Now that that’s all done, a couple of things might help you work smarter, not harder, with your side-gig-turned-full-time-gig. 

Look for an assistant, or invest in a way to automate your social media. Hire a freelancer for some tasks you can outsource. If you want to level up the business, the only way is to free up your time for more important tasks.

Leaving your full-time job to be a business owner can be challenging.  Make sure you are up to the challenge by giving yourself time to let your side-gig grow while making a plan to ensure you have a successful transition. 

Do you want some help with covering your transition for your side-gig? We’re here to help. Schedule an Intro Call Today.

Want to help us? Share this with your friends and family. 

Weekly Market Recap – 12/13

60 Second Market Review

What happened?

  • Just when you thought the market was scared… The December Effect comes into full force, another record close for the S&P 500
  • With 20 years to invest, how much can your portfolio make? 

Things to be aware of…

  • Picking a business name and entity – a not so easy task, but important. It’s your brand. And there’s more to do after. 
  • Want to double your wealth? Forbes says those with a plan have double the wealth than those without one. Get your financial plan today.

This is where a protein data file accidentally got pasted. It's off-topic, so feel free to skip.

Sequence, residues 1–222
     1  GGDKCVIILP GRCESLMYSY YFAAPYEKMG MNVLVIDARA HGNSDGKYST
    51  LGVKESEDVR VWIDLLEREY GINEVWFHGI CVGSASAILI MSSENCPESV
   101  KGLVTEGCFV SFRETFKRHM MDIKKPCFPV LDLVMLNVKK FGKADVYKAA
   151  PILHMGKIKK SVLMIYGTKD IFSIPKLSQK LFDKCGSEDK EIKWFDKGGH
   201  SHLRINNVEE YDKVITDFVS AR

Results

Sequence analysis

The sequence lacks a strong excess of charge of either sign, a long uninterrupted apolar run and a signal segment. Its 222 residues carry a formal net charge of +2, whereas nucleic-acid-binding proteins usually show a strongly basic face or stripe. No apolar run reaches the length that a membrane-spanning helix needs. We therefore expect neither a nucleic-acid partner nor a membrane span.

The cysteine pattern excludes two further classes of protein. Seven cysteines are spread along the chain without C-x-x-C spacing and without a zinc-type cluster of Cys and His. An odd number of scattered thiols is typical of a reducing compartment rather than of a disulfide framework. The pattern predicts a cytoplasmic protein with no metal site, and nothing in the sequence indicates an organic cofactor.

The Details

What happened? 

Just when you thought the market was scared… The December Effect comes into full force, another record close for the S&P 500

Source: Ycharts

Actionable Items for You:

  • Well, just when everyone thought the market would keep going lower… it regained its yearly highs.
  • Only 11% of paid money managers beat their benchmark long-term – why do you think you can? Passive investing is the key to financial success.

How’s that for a turnaround? We mentioned in the last two weeks that the best thing you can do in times of market jitters is to do nothing, and this week bore fruit for us. Stock markets surged, with the S&P 500 gaining 3.8%, the tech-heavy Nasdaq index gaining 3.6%, and the Dow Jones Industrials gaining over 4% for the week.